About one-fourth of the cases in a series of 160 patients suffering from scarlet fever appeared to be Dick-negative in the acute stage of the disease.
Throughout the illness there was a progressive decrease in the number of positives and in the intensity of the reactions, till in the second week two-thirds and in the fourth week nine-tenths of the total cases were negative. Almost 90 per cent, of the original positives showed this characteristic loss of the Dick-positive state. It would appear that this change occurs less readily in young children. Fluctuations in the reaction during the course of the illness are very uncommon, if indeed they occur at all.
Of eleven cases which failed to show the above change two relapsed. In the other 149 cases no relapses occurred.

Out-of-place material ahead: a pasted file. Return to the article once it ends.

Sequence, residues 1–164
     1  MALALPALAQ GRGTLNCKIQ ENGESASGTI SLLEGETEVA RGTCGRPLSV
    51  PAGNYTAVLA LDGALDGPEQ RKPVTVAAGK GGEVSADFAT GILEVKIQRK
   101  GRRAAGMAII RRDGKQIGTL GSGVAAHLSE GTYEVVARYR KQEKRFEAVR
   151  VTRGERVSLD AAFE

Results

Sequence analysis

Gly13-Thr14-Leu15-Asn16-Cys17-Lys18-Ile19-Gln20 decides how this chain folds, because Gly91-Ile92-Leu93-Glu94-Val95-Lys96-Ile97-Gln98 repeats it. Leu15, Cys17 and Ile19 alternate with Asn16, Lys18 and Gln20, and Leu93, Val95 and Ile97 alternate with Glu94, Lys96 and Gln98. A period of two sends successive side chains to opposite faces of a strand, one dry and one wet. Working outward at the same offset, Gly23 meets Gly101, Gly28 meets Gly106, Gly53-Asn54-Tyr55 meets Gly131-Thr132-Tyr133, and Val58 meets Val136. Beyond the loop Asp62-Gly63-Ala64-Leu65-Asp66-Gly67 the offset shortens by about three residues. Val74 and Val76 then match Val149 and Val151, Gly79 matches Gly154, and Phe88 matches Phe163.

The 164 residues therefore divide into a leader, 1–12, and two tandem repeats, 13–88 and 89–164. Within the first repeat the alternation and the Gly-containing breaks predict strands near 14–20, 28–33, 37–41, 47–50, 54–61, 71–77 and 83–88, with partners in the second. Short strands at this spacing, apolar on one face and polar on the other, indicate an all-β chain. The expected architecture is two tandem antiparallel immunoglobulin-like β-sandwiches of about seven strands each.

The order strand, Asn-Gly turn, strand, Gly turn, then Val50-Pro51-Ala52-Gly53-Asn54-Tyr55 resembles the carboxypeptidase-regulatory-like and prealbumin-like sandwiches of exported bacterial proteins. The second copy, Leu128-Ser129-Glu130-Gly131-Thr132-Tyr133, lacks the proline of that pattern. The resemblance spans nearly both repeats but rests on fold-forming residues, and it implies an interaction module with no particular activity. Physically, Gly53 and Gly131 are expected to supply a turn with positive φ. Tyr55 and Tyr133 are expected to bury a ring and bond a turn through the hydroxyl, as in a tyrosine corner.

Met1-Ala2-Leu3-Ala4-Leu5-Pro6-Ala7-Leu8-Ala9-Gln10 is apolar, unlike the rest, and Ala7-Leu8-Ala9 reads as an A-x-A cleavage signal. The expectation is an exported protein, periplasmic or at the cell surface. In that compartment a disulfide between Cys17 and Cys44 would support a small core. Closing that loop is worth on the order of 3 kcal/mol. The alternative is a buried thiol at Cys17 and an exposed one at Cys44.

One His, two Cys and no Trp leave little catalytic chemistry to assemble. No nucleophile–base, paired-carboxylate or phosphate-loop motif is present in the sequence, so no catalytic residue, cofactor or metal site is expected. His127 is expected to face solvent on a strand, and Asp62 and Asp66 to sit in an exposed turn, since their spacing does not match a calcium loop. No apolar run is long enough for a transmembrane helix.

Pseudo-reactions are uncommon. Two examples have been described. It is suggested that the use of heated filtrate may be unsatisfactory and that the mechanism of these reactions requires further study.
Some of the anomalous features of the Dick reaction have been briefly discussed. In the opinion of the writer these difficulties have been exaggerated, and they do not in themselves form sufficient grounds for concluding that the test is fallacious.
On the evidence at present available one must continue to regard scarlet fever as a specific toxaemia. The allergic conception of the disease is less convincing.